Cry, Beloved Burma

Two Burmese Buddhist monks - including one who is in hiding in the country - explain why they protested, and describe the brutality they have faced since the military junta's crackdown. The streets may be quiet now, but the authors argue that the protests represented the beginning of the end for the regime.

YANGON – Religious orders of monks have been the face of Burma ever since Buddhism was introduced here more than 1,000 years ago. For a monk to involve himself in politics or to hold a political post is contrary to the ethical code of Theravada Buddhism. But in Burma today, this spiritual philosophy, rooted in compassion and non-violence, has assumed unexpected dimensions of defiance and recalcitrance, as monks challenge the hegemony of the military junta that rules our country.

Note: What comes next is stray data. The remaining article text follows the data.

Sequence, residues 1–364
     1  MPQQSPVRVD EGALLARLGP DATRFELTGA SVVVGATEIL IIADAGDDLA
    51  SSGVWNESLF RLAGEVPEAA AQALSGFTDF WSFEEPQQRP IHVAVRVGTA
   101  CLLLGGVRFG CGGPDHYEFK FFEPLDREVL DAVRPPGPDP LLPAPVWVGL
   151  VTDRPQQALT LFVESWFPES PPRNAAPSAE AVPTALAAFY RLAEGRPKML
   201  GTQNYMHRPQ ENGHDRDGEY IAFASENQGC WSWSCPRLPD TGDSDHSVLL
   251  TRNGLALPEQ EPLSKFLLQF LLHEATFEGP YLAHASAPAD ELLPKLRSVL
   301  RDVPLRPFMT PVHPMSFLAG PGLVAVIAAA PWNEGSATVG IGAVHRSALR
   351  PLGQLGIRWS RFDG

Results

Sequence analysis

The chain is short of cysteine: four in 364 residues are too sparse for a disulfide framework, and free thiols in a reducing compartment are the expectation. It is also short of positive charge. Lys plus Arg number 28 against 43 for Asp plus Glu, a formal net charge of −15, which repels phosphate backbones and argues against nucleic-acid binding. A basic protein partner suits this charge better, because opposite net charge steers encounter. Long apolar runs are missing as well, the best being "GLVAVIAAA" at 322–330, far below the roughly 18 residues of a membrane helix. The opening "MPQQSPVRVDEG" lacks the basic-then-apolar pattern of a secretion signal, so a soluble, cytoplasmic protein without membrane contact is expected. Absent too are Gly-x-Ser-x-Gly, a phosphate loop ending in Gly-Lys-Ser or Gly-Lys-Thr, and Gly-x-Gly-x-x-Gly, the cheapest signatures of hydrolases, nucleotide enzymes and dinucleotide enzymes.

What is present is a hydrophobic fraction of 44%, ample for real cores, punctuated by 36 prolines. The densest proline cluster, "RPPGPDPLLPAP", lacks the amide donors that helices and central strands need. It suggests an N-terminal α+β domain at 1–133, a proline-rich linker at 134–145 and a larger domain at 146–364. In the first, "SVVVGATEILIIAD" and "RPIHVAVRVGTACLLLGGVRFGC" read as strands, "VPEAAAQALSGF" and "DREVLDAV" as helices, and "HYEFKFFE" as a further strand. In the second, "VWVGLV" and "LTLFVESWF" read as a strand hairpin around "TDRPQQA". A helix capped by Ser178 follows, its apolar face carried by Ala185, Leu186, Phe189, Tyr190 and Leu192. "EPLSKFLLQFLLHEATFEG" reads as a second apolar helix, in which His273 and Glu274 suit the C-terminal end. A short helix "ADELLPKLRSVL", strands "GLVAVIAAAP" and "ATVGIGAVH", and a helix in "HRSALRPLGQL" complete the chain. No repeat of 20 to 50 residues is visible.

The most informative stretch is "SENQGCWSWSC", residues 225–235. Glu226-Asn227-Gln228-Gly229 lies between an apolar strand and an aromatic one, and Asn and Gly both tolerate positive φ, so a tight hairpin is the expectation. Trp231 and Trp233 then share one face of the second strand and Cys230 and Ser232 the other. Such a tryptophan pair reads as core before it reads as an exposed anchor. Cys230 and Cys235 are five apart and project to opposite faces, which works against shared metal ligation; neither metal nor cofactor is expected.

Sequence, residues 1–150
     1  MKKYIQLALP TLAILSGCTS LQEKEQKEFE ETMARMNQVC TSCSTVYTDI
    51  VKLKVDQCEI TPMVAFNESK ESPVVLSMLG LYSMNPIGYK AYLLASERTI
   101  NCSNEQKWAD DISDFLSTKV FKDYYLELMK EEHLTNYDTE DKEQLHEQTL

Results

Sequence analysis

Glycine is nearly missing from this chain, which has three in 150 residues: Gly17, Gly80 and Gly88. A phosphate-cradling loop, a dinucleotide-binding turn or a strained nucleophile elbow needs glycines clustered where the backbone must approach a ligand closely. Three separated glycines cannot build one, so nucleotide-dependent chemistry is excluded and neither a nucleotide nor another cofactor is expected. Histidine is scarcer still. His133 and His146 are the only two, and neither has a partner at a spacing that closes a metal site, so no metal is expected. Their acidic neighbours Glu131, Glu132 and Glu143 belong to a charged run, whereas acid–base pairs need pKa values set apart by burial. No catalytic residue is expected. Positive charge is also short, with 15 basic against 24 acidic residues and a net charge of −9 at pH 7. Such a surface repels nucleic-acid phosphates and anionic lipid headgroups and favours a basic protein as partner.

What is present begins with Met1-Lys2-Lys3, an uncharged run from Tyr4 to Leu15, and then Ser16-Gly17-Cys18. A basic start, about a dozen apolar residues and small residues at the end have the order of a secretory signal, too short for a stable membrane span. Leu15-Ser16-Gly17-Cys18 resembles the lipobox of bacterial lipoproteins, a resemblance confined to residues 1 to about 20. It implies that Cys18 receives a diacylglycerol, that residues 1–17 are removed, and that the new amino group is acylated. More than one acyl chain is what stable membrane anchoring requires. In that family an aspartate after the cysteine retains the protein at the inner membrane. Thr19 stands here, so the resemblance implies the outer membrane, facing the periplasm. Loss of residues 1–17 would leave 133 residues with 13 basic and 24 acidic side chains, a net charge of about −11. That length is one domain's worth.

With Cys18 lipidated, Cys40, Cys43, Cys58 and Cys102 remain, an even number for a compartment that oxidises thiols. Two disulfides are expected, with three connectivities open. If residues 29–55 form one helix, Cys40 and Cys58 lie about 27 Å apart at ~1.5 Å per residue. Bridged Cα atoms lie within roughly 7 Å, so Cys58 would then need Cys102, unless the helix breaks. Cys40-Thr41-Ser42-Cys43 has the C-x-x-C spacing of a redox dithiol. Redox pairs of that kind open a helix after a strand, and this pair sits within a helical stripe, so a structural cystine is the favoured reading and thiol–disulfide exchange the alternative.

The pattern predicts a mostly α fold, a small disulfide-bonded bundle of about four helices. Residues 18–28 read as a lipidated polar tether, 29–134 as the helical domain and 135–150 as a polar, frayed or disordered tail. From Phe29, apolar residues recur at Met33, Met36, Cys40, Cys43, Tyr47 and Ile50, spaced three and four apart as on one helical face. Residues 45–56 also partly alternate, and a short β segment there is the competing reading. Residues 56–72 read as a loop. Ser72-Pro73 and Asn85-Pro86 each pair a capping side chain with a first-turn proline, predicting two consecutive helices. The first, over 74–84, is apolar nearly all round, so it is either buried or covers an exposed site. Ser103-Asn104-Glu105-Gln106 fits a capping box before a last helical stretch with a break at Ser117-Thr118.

We are both Burmese Buddhist monks – a leader of the All Burma Sangha Coalition that led the recent protests, and a scholar teaching in the United States. One of us is in hiding today, because Burma’s military government met the peaceful protests of our Buddhist brothers and sisters with violence and brutality.

Many monks and nuns have been abused and beaten, and thousands who have been arrested endure continued brutality. More than 1,000 are missing, and many are presumed dead.

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